BELFAST — When people look skyward in Maine during October, it’s usually to survey the dazzling display of leaves. But Bill Kreamer is looking past the foliage this fall, all the way to the sun. You could say he’s looking after business.
Kreamer, 50, president of Sol-Air Inc., will begin production of his patented solar energy system in Belfast this fall and hopes to be marketing in earnest by spring construction season. The solar panel he will manufacture is unique because of its thermostat control that senses room temperature and automatically adjusts the flow of warm and cool air.
Even though he’s the company president, you won’t see Kreamer in a business suit and tie. He’s a mechanical engineer by trade and plans to build — at least at first — all of his solar units by himself in the ell and barn attached to the house he and his wife, Kathryn, are buying in Belfast. He expects his son Ezra, 29, will join the production line once work is under way.
The half-dozen prototypes he has built are about the size of a dining room tabletop and are easily carried. They are installed with brackets on a building’s external wall, with the components inside the house taking up about the space of half an air conditioner.
According to Kreamer, his invention eliminates two of the most significant inefficiencies associated with solar energy systems: storage and heat exchange.
Many systems try to store heat collected by solar collectors, perhaps using stone mass or large volumes of water. “Whatever you put in storage, you never get the same back out again,” Kreamer said of those systems, which steadily lose heat.
And in any form of heat exchange — say, using the sun’s heat to warm water, which in turn will be used to warm a home’s air — there is a loss of energy during each step. Systems of heat storage and exchange can be expensive and impractical for existing homes and do-it-your-selfers, he said.
“In the laws of thermodynamics, there’s no free lunch,” he said.
The most efficient way to use solar energy, according to Kreamer, is to use immediately the heat created by a solar panel. His system employs the same type of solar panels that have been used for years but includes a venting system that regulates room temperature.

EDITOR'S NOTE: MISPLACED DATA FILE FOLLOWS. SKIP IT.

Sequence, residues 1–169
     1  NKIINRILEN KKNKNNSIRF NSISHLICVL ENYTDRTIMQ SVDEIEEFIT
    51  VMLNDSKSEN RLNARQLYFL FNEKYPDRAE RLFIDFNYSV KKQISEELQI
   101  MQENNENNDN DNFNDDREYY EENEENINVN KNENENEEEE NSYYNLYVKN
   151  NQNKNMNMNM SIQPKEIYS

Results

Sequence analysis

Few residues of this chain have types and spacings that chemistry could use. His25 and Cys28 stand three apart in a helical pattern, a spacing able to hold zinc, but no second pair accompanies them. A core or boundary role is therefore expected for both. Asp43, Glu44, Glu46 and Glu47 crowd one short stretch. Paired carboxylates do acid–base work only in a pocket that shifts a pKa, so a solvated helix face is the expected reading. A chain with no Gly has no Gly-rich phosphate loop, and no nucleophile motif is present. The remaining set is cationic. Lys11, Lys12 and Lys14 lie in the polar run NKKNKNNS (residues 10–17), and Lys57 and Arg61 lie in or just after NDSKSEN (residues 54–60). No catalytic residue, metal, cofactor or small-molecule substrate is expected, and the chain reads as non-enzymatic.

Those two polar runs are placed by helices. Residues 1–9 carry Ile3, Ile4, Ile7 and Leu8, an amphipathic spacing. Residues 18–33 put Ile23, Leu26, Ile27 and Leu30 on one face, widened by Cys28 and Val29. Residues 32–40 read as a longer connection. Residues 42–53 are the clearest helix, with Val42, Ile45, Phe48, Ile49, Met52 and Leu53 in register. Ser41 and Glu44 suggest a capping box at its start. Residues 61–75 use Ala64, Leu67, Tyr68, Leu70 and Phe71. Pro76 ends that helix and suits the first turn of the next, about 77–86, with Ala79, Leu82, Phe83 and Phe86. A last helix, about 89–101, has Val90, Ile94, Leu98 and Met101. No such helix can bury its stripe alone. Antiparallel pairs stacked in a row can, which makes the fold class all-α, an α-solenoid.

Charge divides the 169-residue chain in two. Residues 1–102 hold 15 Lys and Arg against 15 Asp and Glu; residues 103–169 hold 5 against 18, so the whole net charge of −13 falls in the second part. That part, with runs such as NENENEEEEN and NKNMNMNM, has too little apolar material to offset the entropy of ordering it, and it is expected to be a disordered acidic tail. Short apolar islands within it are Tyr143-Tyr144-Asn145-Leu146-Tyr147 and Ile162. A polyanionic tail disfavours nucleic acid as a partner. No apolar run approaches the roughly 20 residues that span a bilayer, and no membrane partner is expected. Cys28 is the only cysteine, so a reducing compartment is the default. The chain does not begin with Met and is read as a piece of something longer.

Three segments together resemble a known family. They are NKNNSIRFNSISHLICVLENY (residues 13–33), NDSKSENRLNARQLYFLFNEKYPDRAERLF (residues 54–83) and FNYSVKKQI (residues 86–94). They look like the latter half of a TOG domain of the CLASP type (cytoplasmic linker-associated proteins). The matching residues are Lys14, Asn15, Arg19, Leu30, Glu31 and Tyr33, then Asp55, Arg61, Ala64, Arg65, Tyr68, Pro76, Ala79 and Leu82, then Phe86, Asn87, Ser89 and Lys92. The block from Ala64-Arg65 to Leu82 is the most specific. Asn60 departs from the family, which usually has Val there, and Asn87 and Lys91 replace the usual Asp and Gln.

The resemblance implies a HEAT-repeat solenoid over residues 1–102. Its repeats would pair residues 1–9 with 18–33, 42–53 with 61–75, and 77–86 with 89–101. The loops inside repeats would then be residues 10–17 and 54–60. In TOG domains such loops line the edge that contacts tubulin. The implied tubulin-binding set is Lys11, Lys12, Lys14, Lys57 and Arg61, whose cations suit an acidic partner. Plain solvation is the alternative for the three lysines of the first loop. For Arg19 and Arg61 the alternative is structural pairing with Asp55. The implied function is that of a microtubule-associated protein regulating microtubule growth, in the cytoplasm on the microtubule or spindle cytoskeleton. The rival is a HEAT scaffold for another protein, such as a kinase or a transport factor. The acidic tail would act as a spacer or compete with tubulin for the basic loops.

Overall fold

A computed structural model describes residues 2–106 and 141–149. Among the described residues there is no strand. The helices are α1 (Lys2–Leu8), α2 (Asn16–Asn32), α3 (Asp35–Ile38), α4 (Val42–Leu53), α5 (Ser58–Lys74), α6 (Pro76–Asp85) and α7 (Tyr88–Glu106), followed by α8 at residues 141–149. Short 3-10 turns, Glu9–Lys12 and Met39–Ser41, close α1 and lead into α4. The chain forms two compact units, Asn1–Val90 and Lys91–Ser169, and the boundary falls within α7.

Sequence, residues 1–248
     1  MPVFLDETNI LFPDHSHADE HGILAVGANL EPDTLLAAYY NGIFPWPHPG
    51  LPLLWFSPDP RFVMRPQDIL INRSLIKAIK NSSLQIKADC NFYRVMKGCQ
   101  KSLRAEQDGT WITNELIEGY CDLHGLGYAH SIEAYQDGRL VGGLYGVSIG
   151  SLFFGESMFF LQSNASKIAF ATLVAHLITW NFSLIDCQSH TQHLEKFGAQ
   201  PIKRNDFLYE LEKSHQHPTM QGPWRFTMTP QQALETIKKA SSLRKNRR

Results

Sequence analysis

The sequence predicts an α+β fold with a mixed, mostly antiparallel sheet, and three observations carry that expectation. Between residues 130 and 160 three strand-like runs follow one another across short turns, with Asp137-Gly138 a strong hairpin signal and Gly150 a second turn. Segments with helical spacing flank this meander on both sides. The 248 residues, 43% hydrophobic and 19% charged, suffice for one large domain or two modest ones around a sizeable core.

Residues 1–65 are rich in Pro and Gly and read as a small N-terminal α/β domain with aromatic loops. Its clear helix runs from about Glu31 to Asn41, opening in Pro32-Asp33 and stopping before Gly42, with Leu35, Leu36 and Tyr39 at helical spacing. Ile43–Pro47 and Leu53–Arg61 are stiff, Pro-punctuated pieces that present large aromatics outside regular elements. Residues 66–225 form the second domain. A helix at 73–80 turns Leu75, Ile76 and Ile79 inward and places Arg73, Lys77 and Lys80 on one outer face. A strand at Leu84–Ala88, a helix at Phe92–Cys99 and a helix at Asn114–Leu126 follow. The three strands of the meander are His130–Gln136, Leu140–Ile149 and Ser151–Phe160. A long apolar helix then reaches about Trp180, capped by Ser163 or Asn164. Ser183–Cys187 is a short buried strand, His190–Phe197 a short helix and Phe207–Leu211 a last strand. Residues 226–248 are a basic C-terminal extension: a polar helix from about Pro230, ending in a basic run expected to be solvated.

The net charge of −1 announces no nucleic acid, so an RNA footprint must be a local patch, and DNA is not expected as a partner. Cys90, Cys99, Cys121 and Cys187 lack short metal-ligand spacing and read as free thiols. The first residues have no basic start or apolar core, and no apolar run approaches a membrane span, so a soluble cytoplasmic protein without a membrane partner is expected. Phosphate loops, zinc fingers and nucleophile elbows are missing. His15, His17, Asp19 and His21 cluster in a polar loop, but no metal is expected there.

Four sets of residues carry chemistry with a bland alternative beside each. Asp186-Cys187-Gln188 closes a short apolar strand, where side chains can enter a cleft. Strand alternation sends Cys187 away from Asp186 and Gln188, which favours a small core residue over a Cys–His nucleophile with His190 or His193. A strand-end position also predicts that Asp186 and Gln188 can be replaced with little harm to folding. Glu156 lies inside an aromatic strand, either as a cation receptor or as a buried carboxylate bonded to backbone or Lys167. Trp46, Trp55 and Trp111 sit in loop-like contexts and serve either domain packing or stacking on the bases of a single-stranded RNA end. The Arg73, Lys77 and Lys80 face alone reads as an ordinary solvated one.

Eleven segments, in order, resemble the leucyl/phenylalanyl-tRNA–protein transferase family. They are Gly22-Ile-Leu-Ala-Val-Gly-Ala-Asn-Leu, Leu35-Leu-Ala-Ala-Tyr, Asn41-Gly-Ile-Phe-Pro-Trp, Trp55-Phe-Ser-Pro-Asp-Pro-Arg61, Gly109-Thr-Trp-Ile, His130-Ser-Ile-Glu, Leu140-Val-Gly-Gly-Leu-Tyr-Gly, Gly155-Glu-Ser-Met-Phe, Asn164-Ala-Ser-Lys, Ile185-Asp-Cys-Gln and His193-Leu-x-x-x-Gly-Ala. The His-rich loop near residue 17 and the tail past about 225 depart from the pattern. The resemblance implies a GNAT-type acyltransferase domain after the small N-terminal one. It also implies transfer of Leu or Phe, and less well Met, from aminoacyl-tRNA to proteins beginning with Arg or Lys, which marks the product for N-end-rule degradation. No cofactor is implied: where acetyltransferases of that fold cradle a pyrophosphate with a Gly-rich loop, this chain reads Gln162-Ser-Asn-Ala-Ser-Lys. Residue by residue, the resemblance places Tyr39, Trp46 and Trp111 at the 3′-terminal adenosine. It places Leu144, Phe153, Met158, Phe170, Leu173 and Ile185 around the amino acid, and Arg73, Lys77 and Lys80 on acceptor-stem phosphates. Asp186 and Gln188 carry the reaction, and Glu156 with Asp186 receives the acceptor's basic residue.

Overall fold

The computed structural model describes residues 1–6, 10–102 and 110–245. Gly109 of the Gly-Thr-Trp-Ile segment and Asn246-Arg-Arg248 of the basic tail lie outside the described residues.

The thermostat control that he invented is similar to that used in automobile radiator thermostats. His device is made of a plastic that melts and expands at a given temperature. When that temperature is reached within the solar panel, the plastic expands in its container and physically moves a push rod, which opens a vent to allow cooler air to mix in. An adjustment rod allows dwellers to set room temperature to personal preference.
Without ventilation, the interior of solar panels can reach more than 300 degrees, which over time — sometimes in a short time — can damage a solar panel, he said. Kreamer’s units never exceed 150 degrees and have a life expectancy of 20 years for that reason, he said.
Kreamer patented his thermal control unit in 1985 and installed a few homemade units around the midcoast area at that time. They have held up through the years, he said.
Kreamer studied mechanical engineering at New York University for three years after high school. He educated himself in the fields of hydraulics, pneumatics and computer-assisted design. He and his family moved to Maine 22 years ago and lived in Camden for 10 years before moving to Michigan. There he worked as an independent computer-assisted designer for industries such as printing, plumbing, automotive and others.
About a year ago he and Kathryn moved back to Maine, living at first in Sanford and now in Lincolnville, all the while planning to begin producing his solar energy systems, which cost about $750 each. Under ideal sunlight, the peak energy output of one unit is 5,000 Btu per hour. The typical annual output for the unit is 5 million Btu, equivalent to the heat created burning about 55 gallons of home heating oil.